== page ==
The dog’s fear unnerved Jonas. Dogs like this one, maybe carrying wolf blood were renowned for boldness and courage. They were hunters, top predators and could easily take down animals much larger than they were. What peril or foe could provoke such dread in a strong, proud animal like this?

 

The thing in the rocks continued toward them, staying expertly hidden, seemingly camouflaged and hardly any more than twenty feet away now. Though he had as yet seen nothing extraordinary, he was filled with superstitious terror, a perception of indefinable but uncanny presences. He kept telling himself he had chanced upon a cougar, just a cougar that was probably more frightened than he was. But a cougar walked on four legs, this was definitely bipedal. The icy prickling that began at the base of his spine extending up across his scalp now intensified. His hand was so slick with sweat he was afraid the gun would slip out of his grasp.

 

Eighteen feet.

 

It was near dark and all he could make out was a shadowy man–like figure that scurried low, staying hidden, from rock to rock.

 

Now fifteen.

 

Jonas pointed his Colt in the air and squeezed off a single warning shot. The blast crashed through the air echoing down the canyon off the granite boulders.

 

The dog didn’t flinch, but the thing in the brush immediately turned away from them and ran north, upslope, toward the rim of a small valley. Jonas could not see it in the darkness, it kept low in upper rocks but he could see shadowed movement and heard its footfalls on the ground.

 

For a second or two, he was relieved because he thought he had frightened it off. Then he realized it was not running away, from the sounds it made it was heading north – northwest on a curve that would bring it to the upper trail above them.

 

Jonas sensed that the creature was trying to cut them off and force them to go out of the canyon by the lower route, where high boulders sat and the trail was narrow. It would have more and better opportunities to attack.  He did not understand how this creature knew that.

 

His primordial survival instinct drove him into action without the need to think about each move he made; he automatically did what was required. Trying to keep his eye on the telltale tremble of sounds to his right, Jonas leaped into the saddle and rode down the steep trail at a neck breaking speed, the dog already running ahead of him. Fast as he was, however, he was not fast enough to put distance between him and the still unknown, unseen enemy.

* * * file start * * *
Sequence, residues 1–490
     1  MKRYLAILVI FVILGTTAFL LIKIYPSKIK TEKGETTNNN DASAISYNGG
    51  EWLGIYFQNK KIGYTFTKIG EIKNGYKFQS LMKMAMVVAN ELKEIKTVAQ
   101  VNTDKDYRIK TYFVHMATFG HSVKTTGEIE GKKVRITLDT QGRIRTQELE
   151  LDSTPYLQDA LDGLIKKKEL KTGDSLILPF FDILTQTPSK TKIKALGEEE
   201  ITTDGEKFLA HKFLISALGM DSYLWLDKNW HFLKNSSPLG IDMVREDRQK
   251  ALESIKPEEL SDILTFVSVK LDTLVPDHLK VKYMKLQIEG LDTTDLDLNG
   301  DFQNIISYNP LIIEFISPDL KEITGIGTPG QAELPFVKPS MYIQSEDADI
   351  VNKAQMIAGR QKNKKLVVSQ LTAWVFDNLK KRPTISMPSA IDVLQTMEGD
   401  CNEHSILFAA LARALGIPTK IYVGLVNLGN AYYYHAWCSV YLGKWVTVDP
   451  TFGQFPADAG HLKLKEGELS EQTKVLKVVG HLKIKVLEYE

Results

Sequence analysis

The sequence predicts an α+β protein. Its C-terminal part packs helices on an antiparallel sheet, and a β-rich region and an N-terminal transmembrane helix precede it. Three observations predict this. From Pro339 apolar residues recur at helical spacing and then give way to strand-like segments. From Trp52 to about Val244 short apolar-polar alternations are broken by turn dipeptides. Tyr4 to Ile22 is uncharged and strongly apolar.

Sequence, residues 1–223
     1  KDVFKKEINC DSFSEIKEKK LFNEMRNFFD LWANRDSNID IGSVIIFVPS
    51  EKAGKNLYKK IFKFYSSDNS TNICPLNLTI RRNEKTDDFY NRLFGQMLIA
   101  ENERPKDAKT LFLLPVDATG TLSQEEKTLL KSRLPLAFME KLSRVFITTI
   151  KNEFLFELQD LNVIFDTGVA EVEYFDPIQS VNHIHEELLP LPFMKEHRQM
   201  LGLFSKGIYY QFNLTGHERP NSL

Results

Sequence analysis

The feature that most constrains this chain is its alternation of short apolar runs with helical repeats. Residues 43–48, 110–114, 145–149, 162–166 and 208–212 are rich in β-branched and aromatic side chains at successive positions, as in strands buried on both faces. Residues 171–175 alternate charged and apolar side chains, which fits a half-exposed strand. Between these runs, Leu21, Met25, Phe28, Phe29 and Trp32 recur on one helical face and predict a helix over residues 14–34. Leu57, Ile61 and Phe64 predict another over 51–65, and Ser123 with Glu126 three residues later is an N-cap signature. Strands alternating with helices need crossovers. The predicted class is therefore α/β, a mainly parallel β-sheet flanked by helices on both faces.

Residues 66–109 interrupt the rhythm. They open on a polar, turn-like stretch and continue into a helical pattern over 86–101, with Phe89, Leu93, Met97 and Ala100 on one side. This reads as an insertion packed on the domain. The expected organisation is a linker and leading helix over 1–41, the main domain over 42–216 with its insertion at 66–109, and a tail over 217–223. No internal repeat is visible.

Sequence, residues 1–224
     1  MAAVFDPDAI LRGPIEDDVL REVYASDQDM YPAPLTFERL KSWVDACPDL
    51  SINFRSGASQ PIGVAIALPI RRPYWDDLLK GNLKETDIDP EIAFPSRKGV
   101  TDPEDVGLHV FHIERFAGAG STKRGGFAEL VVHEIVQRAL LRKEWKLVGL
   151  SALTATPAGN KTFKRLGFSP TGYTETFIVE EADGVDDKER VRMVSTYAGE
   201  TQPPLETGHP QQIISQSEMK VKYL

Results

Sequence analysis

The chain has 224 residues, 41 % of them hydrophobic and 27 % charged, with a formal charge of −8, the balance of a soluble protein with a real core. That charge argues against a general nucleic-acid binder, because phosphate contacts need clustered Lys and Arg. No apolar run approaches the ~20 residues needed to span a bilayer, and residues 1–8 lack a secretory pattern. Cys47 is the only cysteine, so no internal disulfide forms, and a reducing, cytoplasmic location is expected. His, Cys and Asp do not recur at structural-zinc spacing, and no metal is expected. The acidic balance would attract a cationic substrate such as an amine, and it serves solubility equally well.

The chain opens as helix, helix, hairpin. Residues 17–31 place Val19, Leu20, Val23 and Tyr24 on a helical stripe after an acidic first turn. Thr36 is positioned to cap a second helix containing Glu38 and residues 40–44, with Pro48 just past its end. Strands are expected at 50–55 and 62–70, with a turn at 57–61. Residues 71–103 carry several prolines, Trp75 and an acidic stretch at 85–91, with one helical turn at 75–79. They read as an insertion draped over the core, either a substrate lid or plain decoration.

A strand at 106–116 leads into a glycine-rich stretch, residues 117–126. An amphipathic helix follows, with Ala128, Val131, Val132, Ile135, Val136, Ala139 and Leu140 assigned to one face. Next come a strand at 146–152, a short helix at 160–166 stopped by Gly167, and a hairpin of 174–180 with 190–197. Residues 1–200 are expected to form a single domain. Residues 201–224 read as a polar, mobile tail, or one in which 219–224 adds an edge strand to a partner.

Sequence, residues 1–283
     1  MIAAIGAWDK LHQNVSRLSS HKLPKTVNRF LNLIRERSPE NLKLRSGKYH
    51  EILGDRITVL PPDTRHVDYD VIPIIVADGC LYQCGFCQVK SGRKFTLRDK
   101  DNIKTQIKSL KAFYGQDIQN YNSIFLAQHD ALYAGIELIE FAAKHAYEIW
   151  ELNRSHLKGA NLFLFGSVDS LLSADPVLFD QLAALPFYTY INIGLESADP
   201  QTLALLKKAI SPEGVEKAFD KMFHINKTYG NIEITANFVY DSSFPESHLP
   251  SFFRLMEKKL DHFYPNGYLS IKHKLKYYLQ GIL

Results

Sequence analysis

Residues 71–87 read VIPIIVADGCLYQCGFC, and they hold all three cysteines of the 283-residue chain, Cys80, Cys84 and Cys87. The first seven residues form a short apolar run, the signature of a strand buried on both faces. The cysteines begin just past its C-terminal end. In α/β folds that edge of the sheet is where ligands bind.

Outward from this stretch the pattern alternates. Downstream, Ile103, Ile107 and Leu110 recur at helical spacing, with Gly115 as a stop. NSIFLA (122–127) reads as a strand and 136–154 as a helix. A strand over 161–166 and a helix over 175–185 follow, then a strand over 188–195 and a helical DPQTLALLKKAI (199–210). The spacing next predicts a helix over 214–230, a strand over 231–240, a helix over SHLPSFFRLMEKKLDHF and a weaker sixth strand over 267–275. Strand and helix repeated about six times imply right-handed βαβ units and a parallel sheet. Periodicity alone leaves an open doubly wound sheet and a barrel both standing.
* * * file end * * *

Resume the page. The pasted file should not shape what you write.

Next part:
When he realized it was heading to the path well above him, he fired another warning shot, which did not startle or deflect the adversary this time. He fired twice into sporadic areas in the rocks, toward the indications of movement, not caring if it was a man out there, and that worked. He did not believe he hit the stalker, but he seemed to have scared it away.

 

Off the steepest part of the trail down to relative flat ground Jonas kicked his horse into a faster gallop.

 

The dog let out a whine and darted across the top of the rock ridge and started making its way down the trail following him. Clearly, the dog believed they were not out of danger and ought to keep moving, fast. Jonas shared that conviction.

 

As he rode across the short valley and up the canyon trail his mount seemed to sense his growing urgency and lengthened his strides until his powerful legs were a blur and the dust was a yellow wall behind them.

 

Jonas’s atavistic fear and the reliance on instinct that it invoked sent him riding finally over the far side of the ridge, and out of the area, with the dog following. He rode across the rocky sandy landscape of the desert, across sage brush, between creosote trees and the tall, short, and round cactus before passing into the next mountain range. His horse was close to collapse before he finally stopped.

 

He unsaddled his mount and tethered him close to a small creek with running water and patches of green grass so the animal could rest and eat. Then he made camp, hoping that he had put enough distance between him and whatever it was that had stalked, first the dog, and then him. After eating a meal of beans, the dog lay near the fire next to Jonas the rest of the evening, close enough that Jonas could scratch his ears.

 

The act gave them both some sort of comfort but the dog remained watchful and guarded the camp nervously.